Letter of Intent signed between NOAA and NIWA
Significant Letter of Intent signed between world leading research organisation NOAA and NIWA
NIWA Chief Executive John Morgan and NOAA Deputy Administrator Kathryn Sullivan. Photo credit: USA state office
Embargoed until 13 November 2012
A science delegation led by the Hon Steven Joyce, Minister of Science and Innovation, recently met with representatives of the National Oceanic and Atmospheric Administration (NOAA) in Boulder and Washington D.C.
The purpose of the meetings was to progress science and technology collaboration between New Zealand and the USA.
NOAA is a world-leading scientific agency whose strategic mission is to understand and predict changes in climate, weather, oceans, and coasts, and conserve and manage coastal and marine resources.
“The meeting was extremely successful,” says NIWA Chief Executive John Morgan. “The key achievement was the signing of a Letter of Intent between NIWA and NOAA that elevates the relationship to a new level of cooperation.”
“We have enjoyed a long-standing and successful record of collaboration across a range of science initiatives but we haven’t had a formal relationship. The Letter of Intent is helping to formalise that relationship on joint research projects.
“Through the Letter of Intent, NOAA and NIWA will not only continue existing research activities but explore new areas of possible scientific cooperation.”
Cooperative activities in atmospheric, climate and ocean research will contribute to meeting the global environmental challenges facing human society.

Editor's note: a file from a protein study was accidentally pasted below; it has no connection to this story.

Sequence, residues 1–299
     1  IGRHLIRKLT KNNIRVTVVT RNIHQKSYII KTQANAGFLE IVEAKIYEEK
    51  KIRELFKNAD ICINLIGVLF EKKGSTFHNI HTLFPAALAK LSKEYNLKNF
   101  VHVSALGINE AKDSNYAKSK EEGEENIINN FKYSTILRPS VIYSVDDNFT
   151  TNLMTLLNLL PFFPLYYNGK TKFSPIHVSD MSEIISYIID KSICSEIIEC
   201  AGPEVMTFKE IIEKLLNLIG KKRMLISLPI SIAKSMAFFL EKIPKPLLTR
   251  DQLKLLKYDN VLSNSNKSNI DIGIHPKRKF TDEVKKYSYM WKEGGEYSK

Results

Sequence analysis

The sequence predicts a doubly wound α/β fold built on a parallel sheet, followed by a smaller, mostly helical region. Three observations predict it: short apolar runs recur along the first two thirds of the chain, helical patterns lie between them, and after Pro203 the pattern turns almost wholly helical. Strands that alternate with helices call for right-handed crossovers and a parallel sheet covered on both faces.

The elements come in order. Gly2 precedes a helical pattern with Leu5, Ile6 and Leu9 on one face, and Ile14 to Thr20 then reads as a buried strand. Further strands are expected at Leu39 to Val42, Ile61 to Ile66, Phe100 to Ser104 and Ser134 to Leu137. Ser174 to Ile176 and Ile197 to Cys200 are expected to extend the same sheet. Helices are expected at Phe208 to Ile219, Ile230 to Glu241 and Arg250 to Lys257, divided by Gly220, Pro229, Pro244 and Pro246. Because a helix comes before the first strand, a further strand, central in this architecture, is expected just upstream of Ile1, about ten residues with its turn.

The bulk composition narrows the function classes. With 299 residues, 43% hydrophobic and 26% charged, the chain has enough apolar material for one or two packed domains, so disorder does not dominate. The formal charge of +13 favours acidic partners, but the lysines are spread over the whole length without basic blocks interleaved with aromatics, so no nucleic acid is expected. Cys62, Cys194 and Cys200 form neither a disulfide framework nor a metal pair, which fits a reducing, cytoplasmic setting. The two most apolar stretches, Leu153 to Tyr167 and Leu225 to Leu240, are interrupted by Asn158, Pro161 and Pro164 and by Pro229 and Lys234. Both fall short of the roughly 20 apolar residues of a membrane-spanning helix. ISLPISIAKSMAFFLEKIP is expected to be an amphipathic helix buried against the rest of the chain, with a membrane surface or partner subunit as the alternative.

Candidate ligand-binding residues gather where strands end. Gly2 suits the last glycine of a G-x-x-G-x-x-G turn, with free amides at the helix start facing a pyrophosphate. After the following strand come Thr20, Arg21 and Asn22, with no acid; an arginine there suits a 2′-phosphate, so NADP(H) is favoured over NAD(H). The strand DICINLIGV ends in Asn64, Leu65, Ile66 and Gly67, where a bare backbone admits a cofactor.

Possible future areas of cooperative activity include ocean acidification, ship time-sharing and deep-sea exploration.
The two organisations are looking at cooperating on a voyage in 2014, to look at vulnerable marine ecosystems on the Louisville Seamount Chain, north-east of New Zealand.
NIWA General Manager, Research, Dr Rob Murdoch says, “We are hoping that it will strengthen the possibility of using Remotely Operated Vehicle (ROVs) in New Zealand waters. NOAA has an ocean exploration programme, which they could use to provide a ROV to come to New Zealand. ROVs that can explore to the deepest parts of ocean are a technology we don’t have in New Zealand.”
NOAA and NIWA are in discussions about collaborating on measuring and monitoring programmes directed at ocean acidification.
NOAA has expressed an interest in potentially collaborating in a 12-year time series programme run by NIWA and the University of Otago that measures carbon dioxide and pH in sub-Antarctic water, the results of which are showing that surface water is acidifying.
Ocean acidification is of growing concern as the oceans pH is decreasing in response to increased levels of carbon dioxide in the atmosphere.
“We don’t know how the oceans are going to respond. The oceans are acidifying at a faster rate than they have for many millions of years, and it will particularly impact on shell-forming animals in the sea,” says Dr Murdoch.
Ocean acidification is a global issue. It is already having an impact on the oyster and mussel industry on the west coast of the USA. NIWA scientists are seeing impacts in New Zealand waters and the Ross Sea. Some of these impacts are affecting important marine food webs.
This collaboration between NOAA and NIWA has great depth and breadth and enormous opportunities to grow through potential future projects and the sharing of resources and infrastructure.
Some potential future areas of cooperation include:
• Ocean acidification
• Air-sea gas exchange
• Antarctic research
• Deep-sea exploration
• Weather-related hazard prediction and mitigation
• Ship-time sharing
• Tsunami forecasting
• Ocean-climate ecosystem impacts
• Southwest Pacific and Southern Ocean observations
• Ocean-climate impacts
• Marine environmental management
• Protected species conversation
• Fisheries ecosystem impacts
• Projects of mutual interest associated with international organisations.
The science delegation, led by the Hon Steven Joyce, Minister of Science and Innovation